“One of the biggest things I try to work with my inner-city youths, especially my black males, is to do away with the N-word. Just being constantly calling each other back and forth, and I just get so angry. They call me old-school. It’s one of those deals where we have to address it, in how we are speaking privately, amongst our friends, and everything. All across the board. There’s no room for any of it.

“I see a brighter light for, just in general … our perception of black women and how we, when we look at videos on BET and other types of media outlets, that show our women not dressed and words, saying our lyrics. This is all across the board … [we need to] challenge each other to question what you say about our beautiful black women.”

Many of LeVell’s views align with Trump’s. For example, he says he agrees with Trump’s proposal to expand stop-and-frisk policing as a solution to high levels of violence in poor black communities.

“The only way to grow, to talk jobs in underserved communities overtaken by gangs and violence, you got to have public safety,” he said, citing his work on a local public safety board.

Stop-and-frisk has been called unconstitutional and created enormous tension between the police and black and Latino communities. In 2011, the peak of New York City’s stop-and-frisk era, police stopped residents 685,724 times. Eighty-eight percent had done nothing wrong. Fifty-three percent of those stopped and frisked were black; 34 percent were Latino and 9 percent were white. The tactic of detaining hundreds of thousands of innocent black and Latino men eroded the already troubled relationship between police and many residents.

In 2013, a federal judge ruled that New York’s stop-and-frisk strategy violated the constitutional rights of minorities “who would not have been stopped if they were white.” By 2015, police stops declined to 22,939. The murder rate dropped 32 percent – from 515 homicides in 2011 to 352 – contrary to Trump’s prediction that ending the policy would be a “disaster.”

LeVell said stop-and-frisk does not lead to racial profiling.

Asked about people who say stop-and-frisk is a violation of their rights, LeVell said, “If you’re innocent, it’s not applicable to you.”

What about all the innocent African-Americans who say stop-and-frisk subjected them to repeated harassment by police?

“I’m very close to police, I know a lot of them, know a lot of directors and chiefs, the training has gone to a whole ’nother level,” LeVell said. “I think it’s unfair the police are not getting a lot of credit based on continuing education in a lot of these cities.”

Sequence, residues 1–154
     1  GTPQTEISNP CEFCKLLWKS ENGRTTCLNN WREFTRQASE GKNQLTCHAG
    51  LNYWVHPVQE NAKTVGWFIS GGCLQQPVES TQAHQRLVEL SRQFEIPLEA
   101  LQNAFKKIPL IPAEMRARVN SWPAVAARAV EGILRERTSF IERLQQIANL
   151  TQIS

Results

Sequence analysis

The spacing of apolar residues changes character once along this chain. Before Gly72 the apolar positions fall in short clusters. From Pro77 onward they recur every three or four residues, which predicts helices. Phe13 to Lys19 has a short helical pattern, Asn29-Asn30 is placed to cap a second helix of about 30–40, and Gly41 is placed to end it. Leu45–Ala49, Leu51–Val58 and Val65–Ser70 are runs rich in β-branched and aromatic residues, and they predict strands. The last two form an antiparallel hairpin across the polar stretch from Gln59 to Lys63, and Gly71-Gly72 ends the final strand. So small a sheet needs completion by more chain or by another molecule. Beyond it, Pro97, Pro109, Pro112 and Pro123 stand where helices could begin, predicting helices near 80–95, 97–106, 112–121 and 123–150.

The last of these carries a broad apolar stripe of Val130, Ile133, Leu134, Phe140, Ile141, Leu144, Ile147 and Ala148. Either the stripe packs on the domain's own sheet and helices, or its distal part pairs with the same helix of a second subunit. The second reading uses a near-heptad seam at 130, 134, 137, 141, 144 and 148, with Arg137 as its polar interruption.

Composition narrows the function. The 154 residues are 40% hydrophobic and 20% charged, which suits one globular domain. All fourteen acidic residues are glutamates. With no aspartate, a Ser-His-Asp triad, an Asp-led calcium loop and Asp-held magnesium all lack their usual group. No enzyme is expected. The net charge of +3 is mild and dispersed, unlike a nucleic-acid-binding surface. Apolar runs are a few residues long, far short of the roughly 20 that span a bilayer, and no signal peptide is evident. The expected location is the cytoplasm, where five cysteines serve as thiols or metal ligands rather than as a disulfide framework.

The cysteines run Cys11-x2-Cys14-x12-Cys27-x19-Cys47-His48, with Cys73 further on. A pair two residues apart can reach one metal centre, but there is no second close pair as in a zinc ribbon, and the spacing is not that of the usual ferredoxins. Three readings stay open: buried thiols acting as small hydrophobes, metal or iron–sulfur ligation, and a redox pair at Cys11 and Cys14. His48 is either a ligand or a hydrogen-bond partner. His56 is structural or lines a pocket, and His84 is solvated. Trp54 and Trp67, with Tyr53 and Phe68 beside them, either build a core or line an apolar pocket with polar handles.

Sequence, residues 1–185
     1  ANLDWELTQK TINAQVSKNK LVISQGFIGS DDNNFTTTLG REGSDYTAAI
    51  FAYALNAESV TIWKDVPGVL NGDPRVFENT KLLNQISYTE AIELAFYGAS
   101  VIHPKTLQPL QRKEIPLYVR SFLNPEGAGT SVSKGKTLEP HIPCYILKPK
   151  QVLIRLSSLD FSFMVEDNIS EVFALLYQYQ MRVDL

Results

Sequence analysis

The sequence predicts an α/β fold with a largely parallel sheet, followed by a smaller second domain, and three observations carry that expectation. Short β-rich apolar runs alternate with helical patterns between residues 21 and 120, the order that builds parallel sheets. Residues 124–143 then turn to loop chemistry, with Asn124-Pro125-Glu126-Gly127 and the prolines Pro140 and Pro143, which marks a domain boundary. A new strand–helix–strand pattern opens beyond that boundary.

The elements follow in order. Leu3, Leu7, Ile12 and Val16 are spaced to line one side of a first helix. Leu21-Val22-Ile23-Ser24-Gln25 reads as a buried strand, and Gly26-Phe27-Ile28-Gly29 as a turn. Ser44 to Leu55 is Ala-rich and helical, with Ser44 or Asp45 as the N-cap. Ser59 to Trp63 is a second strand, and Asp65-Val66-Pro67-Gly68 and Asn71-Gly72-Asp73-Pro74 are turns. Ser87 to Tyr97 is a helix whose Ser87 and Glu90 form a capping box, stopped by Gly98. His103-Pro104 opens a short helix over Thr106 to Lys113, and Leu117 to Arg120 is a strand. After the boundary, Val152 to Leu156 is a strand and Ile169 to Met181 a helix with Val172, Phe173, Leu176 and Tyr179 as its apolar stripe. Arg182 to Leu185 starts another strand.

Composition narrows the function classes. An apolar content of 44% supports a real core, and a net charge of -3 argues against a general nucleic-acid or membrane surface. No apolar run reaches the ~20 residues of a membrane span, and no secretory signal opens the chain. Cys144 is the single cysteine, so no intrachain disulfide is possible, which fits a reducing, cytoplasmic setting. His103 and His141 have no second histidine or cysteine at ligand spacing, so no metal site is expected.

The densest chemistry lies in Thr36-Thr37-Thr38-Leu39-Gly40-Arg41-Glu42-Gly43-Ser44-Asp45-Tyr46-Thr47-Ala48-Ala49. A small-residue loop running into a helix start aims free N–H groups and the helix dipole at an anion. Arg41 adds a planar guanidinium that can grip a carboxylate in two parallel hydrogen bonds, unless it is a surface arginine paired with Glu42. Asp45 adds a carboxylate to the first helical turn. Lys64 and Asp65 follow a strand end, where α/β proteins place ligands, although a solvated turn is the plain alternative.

As a boy growing up in Cleveland, Scott said, he was beaten by police who stopped him for riding his bicycle through a neighborhood he “wasn’t supposed to be in.” As a young man, he said, at least two of his friends were killed by police.

“Back then [in the 1970s], they weren’t shooting them on the streets,” Scott said. “They’d take them to jail, and then they’d hang them in their cell. Say they’d committed suicide, and we knew.”

Scott and his wife and co-pastor, Belinda, ran the streets using and selling drugs until they found God in 1981. They started their predominantly black Pentecostal church, Vision of New Spirit Revival Center, in 1994. By 2006, they had 3,000 members.

Now, Scott is a social conservative who said he admired President George W. Bush for his opposition to abortion and gay marriage. But he voted for Obama twice and said in late 2015 he was a registered Democrat.

Darrell Scott, Senior Pastor of New Spirit Revival Center Ministries, delivers a speech on the third day of the Republican National Convention on July 20, 2016 at the Quicken Loans Arena in Cleveland, Ohio.

Chip Somodevilla/Getty Images

“We actually [met with Obama] in this room right here,” Belinda Scott said during an interview in the comfortable inner sanctum of their 120,000-square-foot church complex.

Their politics changed after Scott was introduced to Cohen, Trump’s attorney, by a mutual friend. Today, Scott is one of Trump’s most visible surrogates, lambastes Obama and the Democratic Party for what he says is their failure to help the black community, and serves as one of Trump’s primary examples of his connection to African-Americans. He delivered a well-received speech at the Republican National Convention.

Despite his experiences with police violence as a young man, Scott criticized the Black Lives Matter movement that is protesting police brutality.

“It’s digressed and devolved into violence and illegal activity. The intent was good. The principle behind it is good, but when you look up, it becomes rioting in the streets and ‘We want dead cops. Fry them like bacon,’ ” Scott said after Fox News recorded a town hall meeting at his church. The telecast was hosted by Fox’s Sean Hannity, who has called Black Lives Matter a racist group threatening to kill white people.